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Bronze Age Cairns


Large tumuli for burials, consisting of stones or turf, are widely characteristic of the Scandinavian Bronze Age, c. 1700–500 b.c. Bronze Age tumuli still form a meaningful part of modern cultural landscapes in many regions of Scandinavia, even if the number has decreased drastically since the Bronze Age. A cairn is a tumulus built of rubble stones collected in the vicinity of the burial. A mound, by comparison, is a tumulus built of earth and turf, which has been cut from adjacent grassland. In general, tumuli hardly ever represent an entire population but were burial places for the privileged few.

Mounds and cairns are parallel phenomena with similar functions and meanings. Owing to natural conditions, stone cairns occur primarily in the rocky north of Scandinavia, whereas turf mounds characterize the agricultural lowlands of southern Scandinavia. Zones of overlap exist, however—for example, in the central Swedish lake district. Moreover, mixtures of cairns and mounds occur: it is not altogether unusual to find a cairn with a thin external layer of turf or a mound with a massive inner core of fieldstones. Likewise, there are cases where a monumental cairn stands solitary in a typical mound region and vice versa.

Such entanglements are rooted not directly in nature but rather in culture and social practice: clearly, the deviating visual effects of turf and rubble were brought to bear in the creation of social identity. More generally, both types of burial relate in different ways to the surrounding landscape, materially and symbolically. According to pollen analyses, the bulk of southern Scandinavian mounds, for example, were built in a period in which there was a predominance of open pastures created by grazing cattle and sheep. Quite possibly, the building of turf mounds mediated and celebrated social power, which was connected to land and livestock. In a similar fashion, cairns may have symbolized domestication of the stony wilderness outside the settlement.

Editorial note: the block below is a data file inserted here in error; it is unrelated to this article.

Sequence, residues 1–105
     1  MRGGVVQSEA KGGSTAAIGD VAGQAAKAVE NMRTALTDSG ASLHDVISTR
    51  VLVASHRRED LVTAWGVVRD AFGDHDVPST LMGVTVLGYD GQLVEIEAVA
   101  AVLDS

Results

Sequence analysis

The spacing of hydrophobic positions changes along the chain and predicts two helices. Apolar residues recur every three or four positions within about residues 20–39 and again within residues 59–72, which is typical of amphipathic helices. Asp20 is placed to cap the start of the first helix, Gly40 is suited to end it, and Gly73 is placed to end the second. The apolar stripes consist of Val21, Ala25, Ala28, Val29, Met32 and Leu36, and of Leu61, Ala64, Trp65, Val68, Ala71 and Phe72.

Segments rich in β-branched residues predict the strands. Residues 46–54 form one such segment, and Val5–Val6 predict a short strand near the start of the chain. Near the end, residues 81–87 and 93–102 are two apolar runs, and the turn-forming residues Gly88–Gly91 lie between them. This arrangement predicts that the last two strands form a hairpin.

time frame, construction, and organization

The majority of tumuli were erected during the earlier Bronze Age, in the periods IB–III (1700–1100 b.c.). For Denmark it has been calculated that the
original number may have been as many as one hundred thousand mounds, most of which were constructed within a fairly short period of about two hundred to three hundred years. In the Late Bronze Age, that is, in periods IV–VI (1100–500 b.c.), existent mounds typically were reused as burial places, but new tumuli to some extent were still constructed. Cairns of the north tend to be slightly later constructions than the mounds of the south.

Tumuli normally were built to cover inhumation burials in oak coffins or stone cists, but they continued in use when the burial custom began to change toward cremation c. 1300 b.c. Apart from the primary, centrally placed burial, a tumulus thus usually includes several graves—inhumations as well as cremations. When new burials were added, the tumulus often was enlarged in height and width, exhibiting several building phases with old and new barrows. The inner structure often is complex, perhaps incorporating a core of stone or clay and frequently one or more circular ring walls of fieldstones at the foot of the tumulus; even dry masonry and wooden posts occur. Tumuli thus embody complicated life histories in addition to the shifting connotations of meaning applied to them by people through the ages.

The shape of most tumuli compares to a cupola or a bowler, but flattened forms also are known. The size of these monuments varies considerably, from about 10 meters to almost 80 meters in width and from about 1 meter to 12 meters in height. A diameter of 15–20 meters and a height of 3–4 meters are most common. The largest ones represent an enormous investment of work, such as: the Bredarör cairn at Kivik in Scania; the Uggårda Röjr on the island of Gotland; the Linkulla cairn on the peninsula of Bjäre in northwest Scania; the Hohøj mound at Mariager Fjord in northeast Jutland; and the Tårup mound and Borum Eshøj in eastern Jutland.